For three decades, two Johns — Flansburgh and Linnell — have created an alternate universe of Dadaist absurdity, cryptic one-liners, clever non sequiturs, bizarre humor, and pure pop perambulations tinged with the avant-garde. As the Brooklyn-based They Might Be Giants, the Johns have been tilting at windmills of every dimension, all twisted fantastically, taking swipes at everything and anything, inspiring a strong cult following and even scoring with odd hits like "Birdhouse in Your Soul." After detouring for several years into mostly kid-oriented stuff, the Giants' silliness is again adult-eccentric on their 16th studio album, Nanobots. As usual, the quirkiness flies fast and furious, from disconcertingly literal warnings ("You're on Fire") to uncomfortable predicaments (the 11-second "Tick") to more extended considerations of weightier matters like borrowing slacks ("Icky"). The music, although riddled with ridiculously irresistible power-pop hooks, is still wildly eclectic, touching on new wave, Buddy Holly rock 'n' roll, sax-heavy R&B, folk, parlor ditties, and even big-band jazz. Moon Hooch is saxophonists Wenzl McGowen and Mike Wilbur plus drummer James Muschler. They got started busking on New York subway platforms with a potent mix of jazz, house, and dubstep, sounding a little like a funky World Sax Quartet. 18+.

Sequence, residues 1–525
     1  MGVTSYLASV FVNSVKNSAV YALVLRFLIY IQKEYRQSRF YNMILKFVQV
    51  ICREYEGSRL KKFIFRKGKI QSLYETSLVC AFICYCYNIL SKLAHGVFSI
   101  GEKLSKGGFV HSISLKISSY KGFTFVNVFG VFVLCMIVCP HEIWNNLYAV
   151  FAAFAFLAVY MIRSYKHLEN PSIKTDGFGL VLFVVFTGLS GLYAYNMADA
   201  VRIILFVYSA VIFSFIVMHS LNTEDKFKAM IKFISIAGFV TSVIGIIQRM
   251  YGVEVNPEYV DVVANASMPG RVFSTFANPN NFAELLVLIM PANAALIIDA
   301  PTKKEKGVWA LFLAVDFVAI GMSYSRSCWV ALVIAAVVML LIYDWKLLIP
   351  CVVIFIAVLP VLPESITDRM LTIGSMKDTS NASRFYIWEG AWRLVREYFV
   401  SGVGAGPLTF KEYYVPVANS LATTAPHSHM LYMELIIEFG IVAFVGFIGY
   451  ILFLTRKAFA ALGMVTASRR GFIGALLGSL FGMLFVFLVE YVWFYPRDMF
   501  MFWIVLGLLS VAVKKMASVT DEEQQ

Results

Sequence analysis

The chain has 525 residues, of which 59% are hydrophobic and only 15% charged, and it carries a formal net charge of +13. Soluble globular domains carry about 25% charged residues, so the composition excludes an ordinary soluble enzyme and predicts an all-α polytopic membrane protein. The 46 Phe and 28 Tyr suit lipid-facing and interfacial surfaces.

Sat., June 1, 8 p.m., 2013